Companies sure have embraced social media, haven't they. They're tweeting this, vlogging that. They gush like gossip columnists over how wonderful life is with these tools in the world. What they forget is that consumers can use these tools to put the screws to you.
Submitted for your approval, the story of David Carroll , who constitutes 50% of the Nova Scotia-based band Sons of Maxwell. In spring of 2008, while traveling in the US to a gig, someone witnessed his $3,500 Taylor guitar being thrown by United Airlines baggage handlers during a stopover in Chicago. The guitar was smashed, and Carroll took action.
Being Canadian, and thus genetically hardwired to be polite, Carroll pursued the matter through official channels. He writes about the process in vivid detail on his blog, noting that, although no one at United denied the incident took place, no one was willing to take responsibility for it.
Well, polite as we Canadians can be, Mr. Carroll's dander rose over the next nine months as airline officials played hot potato with his complaint. When a Ms. Irlweg informed him the company would not accept responsibility, and that would be her last email on the matter, he responded that he would be writing 3 songs about his experience with United. A kind of Canadian Railroad Trilogy if you will, only this one about how United smashes the guitars of Canadian musicians.
And on July 6, Carroll posted the first song of his promised trilogy, United Breaks Guitars on YouTube. It's a very witty ode to incompetence and indifference that has, as of Wednesday July 8, been watched by more than 100,000 people. The ballad of the smashed guitar has also been featured in the Chronicle Herald, Nova Scotia's main daily newspaper, and highlighted on the LA Times travel blog.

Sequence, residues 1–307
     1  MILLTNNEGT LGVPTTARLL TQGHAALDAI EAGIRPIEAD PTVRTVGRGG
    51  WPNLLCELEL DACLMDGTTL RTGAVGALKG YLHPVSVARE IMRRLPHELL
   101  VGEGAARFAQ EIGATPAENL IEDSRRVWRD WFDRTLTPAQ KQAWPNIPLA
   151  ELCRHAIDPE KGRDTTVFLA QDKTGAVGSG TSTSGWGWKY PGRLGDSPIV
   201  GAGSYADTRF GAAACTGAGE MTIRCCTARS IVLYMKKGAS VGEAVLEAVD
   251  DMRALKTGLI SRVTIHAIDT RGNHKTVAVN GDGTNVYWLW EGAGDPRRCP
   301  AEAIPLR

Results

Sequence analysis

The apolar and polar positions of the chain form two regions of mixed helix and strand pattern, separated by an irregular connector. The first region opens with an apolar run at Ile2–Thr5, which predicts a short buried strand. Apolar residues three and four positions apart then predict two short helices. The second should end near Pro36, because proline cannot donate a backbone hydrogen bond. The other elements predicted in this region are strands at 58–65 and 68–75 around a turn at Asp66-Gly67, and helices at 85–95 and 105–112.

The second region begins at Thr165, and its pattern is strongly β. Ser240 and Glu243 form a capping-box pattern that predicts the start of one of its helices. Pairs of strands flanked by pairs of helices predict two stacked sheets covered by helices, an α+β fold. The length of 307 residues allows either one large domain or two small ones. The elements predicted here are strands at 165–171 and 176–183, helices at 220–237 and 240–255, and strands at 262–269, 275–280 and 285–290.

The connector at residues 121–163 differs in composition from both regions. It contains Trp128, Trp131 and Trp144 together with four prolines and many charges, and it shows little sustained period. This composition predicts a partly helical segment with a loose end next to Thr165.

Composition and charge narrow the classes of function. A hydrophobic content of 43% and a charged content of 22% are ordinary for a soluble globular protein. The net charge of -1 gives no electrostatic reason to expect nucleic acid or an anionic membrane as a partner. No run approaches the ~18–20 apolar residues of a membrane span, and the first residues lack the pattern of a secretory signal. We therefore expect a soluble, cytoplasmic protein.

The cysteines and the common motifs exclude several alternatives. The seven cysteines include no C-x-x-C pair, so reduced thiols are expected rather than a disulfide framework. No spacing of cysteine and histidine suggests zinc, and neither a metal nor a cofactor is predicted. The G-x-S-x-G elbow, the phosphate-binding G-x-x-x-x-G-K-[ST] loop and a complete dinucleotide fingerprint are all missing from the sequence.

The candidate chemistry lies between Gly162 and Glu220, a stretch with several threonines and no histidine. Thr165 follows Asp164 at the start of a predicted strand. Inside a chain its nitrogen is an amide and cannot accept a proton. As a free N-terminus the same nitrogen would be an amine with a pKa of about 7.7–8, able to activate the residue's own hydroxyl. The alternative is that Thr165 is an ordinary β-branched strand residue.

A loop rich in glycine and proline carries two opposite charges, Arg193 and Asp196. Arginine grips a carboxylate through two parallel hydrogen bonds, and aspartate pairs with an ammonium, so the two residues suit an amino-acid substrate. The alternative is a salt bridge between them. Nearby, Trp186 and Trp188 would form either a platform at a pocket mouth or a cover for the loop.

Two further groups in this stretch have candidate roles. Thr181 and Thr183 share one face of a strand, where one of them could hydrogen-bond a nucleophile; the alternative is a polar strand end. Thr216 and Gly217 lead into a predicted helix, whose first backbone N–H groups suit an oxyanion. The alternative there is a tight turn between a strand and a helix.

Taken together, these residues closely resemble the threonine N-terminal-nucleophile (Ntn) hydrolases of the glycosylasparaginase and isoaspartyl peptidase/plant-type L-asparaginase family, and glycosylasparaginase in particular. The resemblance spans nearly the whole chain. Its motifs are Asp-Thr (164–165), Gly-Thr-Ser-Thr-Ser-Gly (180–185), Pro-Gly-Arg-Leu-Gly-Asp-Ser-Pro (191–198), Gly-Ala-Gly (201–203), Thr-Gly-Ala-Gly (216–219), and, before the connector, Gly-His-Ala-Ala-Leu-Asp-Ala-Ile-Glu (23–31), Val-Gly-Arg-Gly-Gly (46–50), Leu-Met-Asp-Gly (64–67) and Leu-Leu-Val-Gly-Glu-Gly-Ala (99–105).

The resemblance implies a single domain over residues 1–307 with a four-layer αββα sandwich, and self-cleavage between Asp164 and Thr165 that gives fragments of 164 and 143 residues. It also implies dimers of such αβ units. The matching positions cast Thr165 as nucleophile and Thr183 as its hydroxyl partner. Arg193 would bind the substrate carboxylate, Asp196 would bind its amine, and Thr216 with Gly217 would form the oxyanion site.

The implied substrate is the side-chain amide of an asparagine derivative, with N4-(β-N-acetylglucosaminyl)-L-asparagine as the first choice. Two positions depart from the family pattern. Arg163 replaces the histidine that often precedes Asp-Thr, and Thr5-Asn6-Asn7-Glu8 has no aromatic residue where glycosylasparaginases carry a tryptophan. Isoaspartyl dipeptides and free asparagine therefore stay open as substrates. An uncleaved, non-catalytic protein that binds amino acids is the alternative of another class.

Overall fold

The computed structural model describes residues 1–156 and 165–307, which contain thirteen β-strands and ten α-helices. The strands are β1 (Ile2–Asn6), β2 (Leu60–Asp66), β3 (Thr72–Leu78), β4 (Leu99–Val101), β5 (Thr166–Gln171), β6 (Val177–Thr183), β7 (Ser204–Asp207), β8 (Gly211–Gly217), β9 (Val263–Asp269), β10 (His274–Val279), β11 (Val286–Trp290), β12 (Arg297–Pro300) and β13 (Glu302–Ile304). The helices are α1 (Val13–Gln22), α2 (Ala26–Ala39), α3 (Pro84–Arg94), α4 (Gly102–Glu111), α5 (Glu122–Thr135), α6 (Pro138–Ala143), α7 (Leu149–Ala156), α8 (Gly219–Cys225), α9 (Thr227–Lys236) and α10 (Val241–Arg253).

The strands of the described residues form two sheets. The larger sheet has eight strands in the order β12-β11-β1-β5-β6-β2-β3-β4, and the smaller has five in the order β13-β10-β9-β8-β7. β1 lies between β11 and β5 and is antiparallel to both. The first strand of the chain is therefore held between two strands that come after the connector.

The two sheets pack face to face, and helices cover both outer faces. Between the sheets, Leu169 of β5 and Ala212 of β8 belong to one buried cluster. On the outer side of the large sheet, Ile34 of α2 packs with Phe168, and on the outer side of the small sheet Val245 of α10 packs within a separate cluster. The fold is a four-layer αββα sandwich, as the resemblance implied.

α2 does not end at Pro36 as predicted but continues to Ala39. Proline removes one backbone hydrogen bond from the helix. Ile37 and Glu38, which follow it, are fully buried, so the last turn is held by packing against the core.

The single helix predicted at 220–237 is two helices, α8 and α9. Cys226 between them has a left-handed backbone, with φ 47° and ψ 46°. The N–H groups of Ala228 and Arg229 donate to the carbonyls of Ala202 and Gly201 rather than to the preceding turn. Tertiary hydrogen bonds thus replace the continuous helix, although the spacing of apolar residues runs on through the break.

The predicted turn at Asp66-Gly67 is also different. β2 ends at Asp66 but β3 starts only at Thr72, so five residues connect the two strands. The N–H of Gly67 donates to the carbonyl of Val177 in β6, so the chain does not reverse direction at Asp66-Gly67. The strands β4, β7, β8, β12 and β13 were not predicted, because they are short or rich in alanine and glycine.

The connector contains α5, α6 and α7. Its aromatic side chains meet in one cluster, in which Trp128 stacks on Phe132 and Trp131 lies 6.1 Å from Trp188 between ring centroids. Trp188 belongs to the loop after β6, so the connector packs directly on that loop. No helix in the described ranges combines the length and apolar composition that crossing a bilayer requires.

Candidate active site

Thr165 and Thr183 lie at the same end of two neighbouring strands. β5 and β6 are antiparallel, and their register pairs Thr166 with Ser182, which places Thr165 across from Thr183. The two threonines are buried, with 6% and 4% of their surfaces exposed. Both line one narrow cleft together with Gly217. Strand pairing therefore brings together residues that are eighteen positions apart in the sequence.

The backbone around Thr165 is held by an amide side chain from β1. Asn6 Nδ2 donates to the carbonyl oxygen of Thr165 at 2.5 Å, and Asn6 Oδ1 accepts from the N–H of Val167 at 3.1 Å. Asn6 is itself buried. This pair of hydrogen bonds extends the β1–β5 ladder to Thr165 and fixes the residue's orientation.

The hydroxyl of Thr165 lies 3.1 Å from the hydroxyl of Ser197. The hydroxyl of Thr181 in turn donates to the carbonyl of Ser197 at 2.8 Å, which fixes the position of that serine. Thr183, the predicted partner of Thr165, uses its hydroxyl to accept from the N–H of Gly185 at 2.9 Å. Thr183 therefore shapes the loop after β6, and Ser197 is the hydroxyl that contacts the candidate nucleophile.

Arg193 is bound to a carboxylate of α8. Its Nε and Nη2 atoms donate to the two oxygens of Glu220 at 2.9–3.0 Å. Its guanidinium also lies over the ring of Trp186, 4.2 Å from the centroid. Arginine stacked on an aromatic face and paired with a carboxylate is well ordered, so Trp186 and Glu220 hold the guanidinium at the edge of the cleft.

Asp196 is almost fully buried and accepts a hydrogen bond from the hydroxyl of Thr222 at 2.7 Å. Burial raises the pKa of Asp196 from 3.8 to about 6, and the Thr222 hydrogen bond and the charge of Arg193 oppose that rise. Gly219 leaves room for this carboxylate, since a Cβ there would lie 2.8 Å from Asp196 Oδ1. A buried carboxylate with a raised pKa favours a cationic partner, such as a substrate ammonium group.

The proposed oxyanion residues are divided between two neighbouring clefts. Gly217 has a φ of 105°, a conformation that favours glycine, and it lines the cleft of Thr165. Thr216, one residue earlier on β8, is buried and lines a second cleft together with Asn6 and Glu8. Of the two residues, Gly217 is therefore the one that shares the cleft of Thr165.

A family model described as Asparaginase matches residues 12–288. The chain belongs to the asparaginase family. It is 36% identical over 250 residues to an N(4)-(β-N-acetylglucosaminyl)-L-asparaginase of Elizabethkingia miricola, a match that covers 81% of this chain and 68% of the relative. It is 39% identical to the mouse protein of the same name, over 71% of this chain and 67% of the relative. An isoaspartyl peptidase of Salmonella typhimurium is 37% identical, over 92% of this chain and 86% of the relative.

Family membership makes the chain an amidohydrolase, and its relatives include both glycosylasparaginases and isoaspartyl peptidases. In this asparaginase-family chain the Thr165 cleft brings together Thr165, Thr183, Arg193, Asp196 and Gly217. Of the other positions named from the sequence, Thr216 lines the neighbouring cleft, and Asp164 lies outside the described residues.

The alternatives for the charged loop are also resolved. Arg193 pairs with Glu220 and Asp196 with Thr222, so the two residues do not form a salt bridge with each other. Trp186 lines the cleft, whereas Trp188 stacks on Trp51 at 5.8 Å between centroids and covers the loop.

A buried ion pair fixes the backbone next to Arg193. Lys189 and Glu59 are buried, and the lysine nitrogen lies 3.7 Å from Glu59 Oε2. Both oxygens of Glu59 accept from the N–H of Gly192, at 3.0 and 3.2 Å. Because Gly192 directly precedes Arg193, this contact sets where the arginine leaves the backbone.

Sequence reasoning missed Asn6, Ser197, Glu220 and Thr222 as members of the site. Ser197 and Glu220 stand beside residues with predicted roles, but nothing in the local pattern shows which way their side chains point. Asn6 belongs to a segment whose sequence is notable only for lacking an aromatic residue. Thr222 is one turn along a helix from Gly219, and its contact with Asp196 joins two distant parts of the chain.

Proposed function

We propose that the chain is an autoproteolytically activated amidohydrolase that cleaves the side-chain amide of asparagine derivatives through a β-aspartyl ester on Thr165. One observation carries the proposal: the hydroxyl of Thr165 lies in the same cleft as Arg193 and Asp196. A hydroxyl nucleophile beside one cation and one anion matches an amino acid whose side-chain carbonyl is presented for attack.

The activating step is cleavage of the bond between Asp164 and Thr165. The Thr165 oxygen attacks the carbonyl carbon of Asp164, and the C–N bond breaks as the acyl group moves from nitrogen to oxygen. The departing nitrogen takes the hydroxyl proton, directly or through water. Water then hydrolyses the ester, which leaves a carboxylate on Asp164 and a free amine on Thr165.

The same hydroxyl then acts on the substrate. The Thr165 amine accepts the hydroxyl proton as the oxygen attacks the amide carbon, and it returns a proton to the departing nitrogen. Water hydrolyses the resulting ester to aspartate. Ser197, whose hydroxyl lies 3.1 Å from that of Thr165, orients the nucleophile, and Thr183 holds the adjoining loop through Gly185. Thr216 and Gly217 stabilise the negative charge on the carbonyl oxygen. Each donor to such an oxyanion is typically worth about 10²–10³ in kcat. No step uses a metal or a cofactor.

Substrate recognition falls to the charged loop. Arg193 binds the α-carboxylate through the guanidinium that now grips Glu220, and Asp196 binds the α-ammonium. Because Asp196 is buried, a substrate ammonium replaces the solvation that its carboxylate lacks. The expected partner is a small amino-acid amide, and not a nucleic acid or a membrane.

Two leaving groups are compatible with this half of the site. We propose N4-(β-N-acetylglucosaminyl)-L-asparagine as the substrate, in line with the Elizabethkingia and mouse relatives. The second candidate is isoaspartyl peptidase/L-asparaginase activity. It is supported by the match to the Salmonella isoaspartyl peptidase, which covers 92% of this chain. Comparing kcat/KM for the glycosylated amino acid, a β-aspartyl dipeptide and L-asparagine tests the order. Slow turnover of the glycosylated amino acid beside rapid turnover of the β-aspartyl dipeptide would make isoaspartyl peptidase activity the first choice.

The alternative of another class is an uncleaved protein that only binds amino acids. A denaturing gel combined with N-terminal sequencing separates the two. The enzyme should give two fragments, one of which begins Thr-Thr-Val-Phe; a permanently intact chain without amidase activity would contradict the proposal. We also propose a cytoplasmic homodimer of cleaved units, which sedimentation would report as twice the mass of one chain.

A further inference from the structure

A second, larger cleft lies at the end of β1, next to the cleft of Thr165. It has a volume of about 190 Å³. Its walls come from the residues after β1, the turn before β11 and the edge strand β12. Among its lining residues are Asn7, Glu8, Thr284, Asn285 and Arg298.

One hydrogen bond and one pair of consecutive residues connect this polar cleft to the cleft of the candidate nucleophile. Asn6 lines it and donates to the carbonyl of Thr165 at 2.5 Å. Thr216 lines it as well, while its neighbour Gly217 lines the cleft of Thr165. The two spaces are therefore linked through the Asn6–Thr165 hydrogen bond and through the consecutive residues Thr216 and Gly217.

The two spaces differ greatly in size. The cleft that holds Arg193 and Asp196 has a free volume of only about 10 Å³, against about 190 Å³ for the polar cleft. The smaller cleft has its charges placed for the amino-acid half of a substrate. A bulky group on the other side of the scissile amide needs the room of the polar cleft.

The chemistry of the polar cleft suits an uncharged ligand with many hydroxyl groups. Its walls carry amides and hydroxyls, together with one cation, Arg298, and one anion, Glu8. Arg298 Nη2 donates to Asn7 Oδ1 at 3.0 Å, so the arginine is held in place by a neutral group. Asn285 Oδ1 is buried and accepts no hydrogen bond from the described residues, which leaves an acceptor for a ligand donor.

As you may have guessed, the folks at United want to talk to Carroll about the matter now that he has drawn public attention to his plight. This demonstrates how effective social media tools can be in pushing a customer complaint. The thing is, it shouldn't have taken a video to force United's hand. If the company had dealt with Carroll in an appropriate timely manner*, the situation wouldn't have escalated into a very public complaint, one that puts the company at a significant disadvantage.
For one, Carroll's story and video encourage scrutiny and discussion of United's conduct from people who are not agreeably disposed to the airline's brand. His experiences have also encouraged others to share their own grievances about United and threaten boycotts. Just look at the talk back about his YouTube video. Attendant media coverage has been unflattering and dominated by Carroll's experiences. Thus the company is stuck in reaction mode. It is wasting time and money on efforts to undo the damage of a situation it could have avoided, even resolved more efficiently and cheaply, by quietly replacing Carroll's guitar. At the very least, it should serve as a tutorial to the company on the power of social media tools to damage a brand, and how not to handle such disputes in the future.
So, if you take anything from this story, it should be this: treat your customers with respect, take responsibility for your actions, and make sure private matters remain private. You never know when you're going to come up against a talented musician with an ax to grind, and a forum in which to grind it.
*I had said proactive + private when I originally posted this, but on reflection, those words seemed ill-chosen...